Mullets, not mallets, are the talk of the golf world right now thanks to Australia’s loveable PGA Tour star Cameron Smith.

Yep, the iconic ‘neck warmer’ that rocked the 1970s, ’80s and ’90s is back turning heads yet again, this time on the fairways. And it must be leaving follicly challenged Major champions like Tiger Woods and Stewart Cink green with envy, if not with a sorry case of, um, melon-choly.

Many will remember Cink removing his cap on TV at the 2014 Sony Open in Hawaii to reveal what can only be described as a choc-vanilla tan line, like Neapolitan ice cream (look away, kids!).

And it was Woods who once joked to ESPN’s Scott Van Pelt: “I’ve got my helipad up top, and I’m very happy with that. It’s time to moonwalk on me.” 

Who could have known what bald truths lay buried under that iconic ‘TW’ hat?

The legendary Sam Snead took cloaking to another level with his iconic fedora. His signature look kept most of us in the dark about the chrome dome he was hiding underneath.

Which is why it’s refreshing to see our man Smithy – Australian golf’s heir apparent – with hair still very much apparent.

“I saw a few of the Aussie rugby league boys doing it and thought it was a great time to do it during quarantine,” Smith, 27, revealed at this year’s Sony Open in Hawaii.

“It was [initially] just something fun to make people laugh, but I’ve kept it going and it has almost turned into my good luck charm. It’s not bad. I’d really like to go full business at the front and party at the back.”

The exciting thing for Smith is, much like his burgeoning PGA Tour career, his hairdo is very much in its infancy. There’s simply no end to the possibilities of how far he can go.

While there’s no exact science behind it, there does appear to be a link between having length behind the ears and contending on a Sunday. And it has more to do with just youth being on your side… we think. 

The ‘Muswellbrook mud flap’ has been the 15th club in the bag for many a champion golfer over the years. Corey Pavin rocked the luscious locks during the United States’ famous 1991 Ryder Cup victory at Kiawah Island – dubbed the “War On The Shore”. The clean-cut Europeans were simply no match for Pavin’s perm.

The same could be said for the rest of the field at the 1995 Open Championship, where golf’s ‘Wild Thing’ John Daly gave added meaning to “party at the back” on his way to claiming the Auld Claret Jug.

Great White hair!

Heck, even our own Greg Norman went through periods when the length of his great white waves were as impressive as his booming drives and, well, certain other things that can now be seen on his Instagram page.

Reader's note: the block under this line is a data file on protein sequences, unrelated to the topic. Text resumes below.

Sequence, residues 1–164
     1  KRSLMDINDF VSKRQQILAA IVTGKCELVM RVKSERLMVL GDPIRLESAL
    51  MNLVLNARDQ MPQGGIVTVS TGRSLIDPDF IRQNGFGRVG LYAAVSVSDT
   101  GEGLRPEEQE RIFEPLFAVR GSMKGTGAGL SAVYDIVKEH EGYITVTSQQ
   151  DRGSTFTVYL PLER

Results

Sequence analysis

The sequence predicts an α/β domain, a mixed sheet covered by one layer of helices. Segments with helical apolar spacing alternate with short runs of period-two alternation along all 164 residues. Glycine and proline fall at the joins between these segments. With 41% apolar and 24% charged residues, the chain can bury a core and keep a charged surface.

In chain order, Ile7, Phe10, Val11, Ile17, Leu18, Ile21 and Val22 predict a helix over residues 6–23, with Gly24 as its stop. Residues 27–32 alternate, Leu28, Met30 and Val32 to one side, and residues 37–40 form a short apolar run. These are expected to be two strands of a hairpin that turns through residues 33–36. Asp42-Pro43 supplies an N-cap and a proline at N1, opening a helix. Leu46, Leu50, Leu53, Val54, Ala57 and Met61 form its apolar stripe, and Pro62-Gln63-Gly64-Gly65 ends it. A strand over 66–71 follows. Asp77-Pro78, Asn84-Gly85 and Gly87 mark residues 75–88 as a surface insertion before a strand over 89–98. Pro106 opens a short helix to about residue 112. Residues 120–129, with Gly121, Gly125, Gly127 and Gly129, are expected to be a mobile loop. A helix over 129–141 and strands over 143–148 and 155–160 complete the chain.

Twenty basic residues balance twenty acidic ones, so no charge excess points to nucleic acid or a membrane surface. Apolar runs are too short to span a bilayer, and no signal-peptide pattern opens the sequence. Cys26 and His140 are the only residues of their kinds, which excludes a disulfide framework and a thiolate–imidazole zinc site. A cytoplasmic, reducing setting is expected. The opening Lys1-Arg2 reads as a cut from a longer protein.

All of which brings us to the point of this hairy conversation: does increased coverage up top provide more confidence below the scalp? It’s entirely possible.

One fact that can’t be denied is that even helipad-head Tiger was noticeably more lush up near his melon region while winning his 15 Major championships than he is today. Coincidence? We think not.

To help you draw your own conclusions, we’ve trawled back through the great hairstyles in golf with a fine-tooth comb (sorry!). Here, we present you with irrefutable evidence that, if you really want to make it in this game, it pays to miss a few cuts.

We rest our case (and scissors), your honour!

*Special mention

Tommy Fleetwood

While he hasn’t quite mastered the ‘business at the front’ component yet, Fleetwood’s back is party central. They say “curls get the girls” and they surely have Fleetwood a hair’s breadth away from kissing his first Major trophy.

5. Charley Hoffman & Camilo Villegas

Hard to split these two PGA Tour journeymen, who have racked up sizeable bank accounts by playing great golf and, presumably, being allergic to hair salons. 

4. Pat Perez 

The parody Twitter account “Pat Perez’s Hair” says everything you need to know about this mullet icon: “If my hair was a golfer, it would have 12 Majors by now.”

3. Jason Day

We’re not sure why this look didn’t stick for the former world No.1, but we’re pretty certain Day’s hairdresser chopped away some of his game when they gave him the short back and sides. Unconfirmed reports suggest his back troubles may have actually been triggered by the immense weight of carrying around these magnificent locks, hence the trim.

2. Corey Pavin

Peak Pavin may have looked like a man who just walked off the set of an adult movie, but there can be no denying his hair-mo combo was all-time and no doubt remains an inspiration for
baby-faced Cameron Smith.

1. John Daly

The gold standard when it comes to the ‘Kurri Kurri Crash Helmet’ and subject of one of the most iconic images in the sport, the ‘Wild Thing’ kissing the oldest Major trophy in golf as his golden mane takes flight in the St Andrews southerly is the stuff Bohemian dreams are made of. Why else would they call him Long John?